Our All-Time Tournament continues, and half way through the Elite Eight, the tourney has yet to yield a single upset. Will the favorites continue to dominate as we head over to the Orange Division? Well... that's for you to decide.
 The 2000 OSU Cowboys
RECORD: 27-7 (.794)
CONFERENCE RECORD: 12-4 (.750)
HEAD COACH: Eddie Sutton
KEY PLAYERS: Desmond Mason, Brian Montonati, Fredrik Jonzen, Doug Gottlieb
The Cowboys finished the regular season 4th in the Big 12, but were ranked in the Top 15 in the country. The Cowboys entered the NCAA Tourney as the 3-seed in the East Region. They cruised past Hofstra and Pepperdine and won a nail-biter against Seton Hall before losing to Florida in the Elite Eight. The Pokes ended the year as the #14 team in the AP Poll.
In the All-Time Tourney, the '00 Cowboys defeated the 1983 Cowboys in the Orange division's Wild Card round. The duo of Doug Gottlieb and Desmond Mason led the '00 Pokes to an easy victory against Leroy Combs and the '83 squad.
 The 1946 Oklahoma A&M Aggies
RECORD: 31-2 (.939)
CONFERENCE RECORD: 12-0
HEAD COACH: Henry Iba
KEY PLAYERS: Bob Kurland, A.L. Bennett, Weldon Kern
The 1945-'46 Aggies were fresh off of a national championship and were out to earn another one behind senior center Bob Kurland. In what was a truly magical season, the Aggies posted the best record in school history, ending the season at 31-2. The Aggies defeated Kansas, Baylor, and Cal on their road to the NCAA Tournament Finals, coming out of the Eastern Region unscathed. In the championship, they were to play the North Carolina Tar Heels, who just came off of an overtime win over Ohio State. A&M squeaked by UNC 43-40 in front of a Madison Square Garden crowd of 18,000. Kurland scored 23 points and was recognized as the Most Outstanding Player, becoming the first one to win the award two times in a row. The Aggies also became the first team to win back-to-back national championships; these two seasons earned OSU's only two national championships in basketball.
The Aggies featured a strong roster, including future All-American A.L. Bennett and 5'9" defensive specialist Weldon Kern. The team also featured Bob "Pee Wee" Williams as a student manager, who was recently recognized in Oklahoma State's 2013-2014 basketball season. Each of the team's five starters comprised the All-Missouri Valley Conference first team, which has not been done before or since. Still, while the team had multiple talented players, there was only one star. Bob Kurland shined in his senior season, and he had many notable season performances. None were bigger than his dominating performance in the 86-33 drubbing against St. Louis University. Legend has it that Henry Iba was not fond of the opposing team's coach and instructed Kurland to go guns a' blazing until the final whistle. Kurland did not disappoint, putting up a school-record 58 points. Ed Macauley, Kurland's victim and future NBA star, had this to say in a Tulsa World interview looking back at Kurland's overpowering performance:
"Every time I thought I needed to be humble, I would look at that box score and remember I was the guy who held Kurland to 58 points."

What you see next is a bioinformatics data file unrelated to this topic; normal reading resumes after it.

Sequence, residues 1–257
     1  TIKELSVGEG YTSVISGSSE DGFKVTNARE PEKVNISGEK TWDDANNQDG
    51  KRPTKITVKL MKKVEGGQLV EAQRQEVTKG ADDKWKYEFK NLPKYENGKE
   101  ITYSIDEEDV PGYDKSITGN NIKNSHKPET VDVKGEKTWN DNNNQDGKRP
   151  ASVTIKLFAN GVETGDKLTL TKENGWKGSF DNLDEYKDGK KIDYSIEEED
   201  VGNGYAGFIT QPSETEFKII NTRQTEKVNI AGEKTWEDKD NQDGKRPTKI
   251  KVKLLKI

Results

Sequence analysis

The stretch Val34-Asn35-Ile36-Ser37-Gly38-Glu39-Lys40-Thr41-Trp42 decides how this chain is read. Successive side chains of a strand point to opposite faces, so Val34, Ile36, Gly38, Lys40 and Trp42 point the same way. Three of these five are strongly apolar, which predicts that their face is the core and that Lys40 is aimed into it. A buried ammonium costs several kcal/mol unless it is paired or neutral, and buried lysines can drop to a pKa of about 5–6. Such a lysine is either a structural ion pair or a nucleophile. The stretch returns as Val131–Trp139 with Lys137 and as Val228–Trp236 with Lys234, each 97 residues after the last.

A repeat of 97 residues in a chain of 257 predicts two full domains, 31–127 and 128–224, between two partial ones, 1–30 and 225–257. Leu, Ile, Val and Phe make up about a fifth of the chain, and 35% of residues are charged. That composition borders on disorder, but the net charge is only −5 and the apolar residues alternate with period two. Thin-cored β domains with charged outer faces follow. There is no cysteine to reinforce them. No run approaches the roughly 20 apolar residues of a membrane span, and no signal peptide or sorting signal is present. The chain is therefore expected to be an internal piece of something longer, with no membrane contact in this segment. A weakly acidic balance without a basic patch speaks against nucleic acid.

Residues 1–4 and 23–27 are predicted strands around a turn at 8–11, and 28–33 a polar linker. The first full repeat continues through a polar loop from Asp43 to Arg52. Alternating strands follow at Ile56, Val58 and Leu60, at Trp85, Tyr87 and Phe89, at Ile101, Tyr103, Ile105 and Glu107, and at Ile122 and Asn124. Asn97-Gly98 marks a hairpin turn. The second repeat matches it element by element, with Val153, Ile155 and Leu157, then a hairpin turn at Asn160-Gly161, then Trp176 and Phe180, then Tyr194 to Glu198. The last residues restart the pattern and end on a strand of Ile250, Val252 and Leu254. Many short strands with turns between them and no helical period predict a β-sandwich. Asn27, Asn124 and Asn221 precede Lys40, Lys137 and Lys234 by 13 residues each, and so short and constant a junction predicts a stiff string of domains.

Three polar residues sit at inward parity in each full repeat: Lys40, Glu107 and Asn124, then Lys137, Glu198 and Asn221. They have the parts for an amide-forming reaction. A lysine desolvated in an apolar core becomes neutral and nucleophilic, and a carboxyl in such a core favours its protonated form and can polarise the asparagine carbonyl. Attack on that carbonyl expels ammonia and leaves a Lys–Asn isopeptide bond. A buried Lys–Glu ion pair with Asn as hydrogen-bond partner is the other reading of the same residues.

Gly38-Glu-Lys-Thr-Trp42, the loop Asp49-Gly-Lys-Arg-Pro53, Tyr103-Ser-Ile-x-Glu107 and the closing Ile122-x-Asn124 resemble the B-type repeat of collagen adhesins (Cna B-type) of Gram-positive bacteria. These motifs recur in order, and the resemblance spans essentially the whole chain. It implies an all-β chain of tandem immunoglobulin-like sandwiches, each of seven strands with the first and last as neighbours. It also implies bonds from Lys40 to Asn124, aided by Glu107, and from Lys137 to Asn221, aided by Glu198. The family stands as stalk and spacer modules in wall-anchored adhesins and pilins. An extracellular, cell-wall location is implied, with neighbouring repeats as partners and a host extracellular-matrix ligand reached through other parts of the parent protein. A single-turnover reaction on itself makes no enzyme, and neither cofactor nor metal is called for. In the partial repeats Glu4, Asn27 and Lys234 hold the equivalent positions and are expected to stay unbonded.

Kurland finished the season averaging 19.5 PPG; he was also first in the nation in points scored with 643. The 1946 season was one to remember, and Kurland's efforts solidified his legacy as Oklahoma State's most iconic basketball player.
Match Up Preview
The 2000 Cowboys would certainly be the underdogs going into this contest. They would need to find someone to guard Kurland, and would probably use a combination of Fredrik Jonzen, Brian Montonati, and Alex Webber. They could also use 7-footer Jason Keep off the bench, although he wasn't as skilled as the others.
The battle between Gottlieb and Weldon Kern would be an important one, as Kern was the Aggies' peskiest defender; in an interview, teammate Paul Geymann spoke of Kern's ability to mentally time an opponent's dribble and perfectly execute a steal at the most opportune moment.
Finally, the '46 Aggies would need to find someone to guard Desmond Mason. They had some forwards that could match Mason's size, but none of them would be fully up to the task. If the Cowboys want to win this game, they must make sure that Mason outperforms Kurland in total points.
If right about now you're thinking the 2000 squad doesn't have a chance against the 1946 National Champions, in the worlds of Lee Corso, 'not so fast my friend'.
The 2000 team has two significant advantages, and I mean HUGE advantages.
First the shot clock. The 35 second clock is a snooze fest by today's standards, but just knowing it's there could effect the '46 team. They've never played with it before, and it in the back of their minds could cause them to play rushed. They'd be more likely to try and force more looks, and settle for bad shots.
Second? The three point line. This is an absolute game changer. Literally. The '46 team never defended the perimeter, because well... there wasn't one. We mentioned that Gottlieb would have to contend with Kern, but you also have to consider that Kern will in no way be prepared for Gottlieb and Co.'s range. Not that Gottlieb is known for actually having range by today's standards, but some is a heck of a lot more than none. Only one team practiced shooting from that far out, from that marked distance over, and over, and over.
The three-point line would more than likely draw the 1946 team out of position on defense. Spacing, sets, everything is different when you introduce the arc to the game, and there to capitalize on 1946's errors will be arguably the greatest dunker in Oklahoma State history, Desmond Mason.
So could the 2000 team pull the upset? Let's put it this way, it wouldn't even be fair to call it an upset.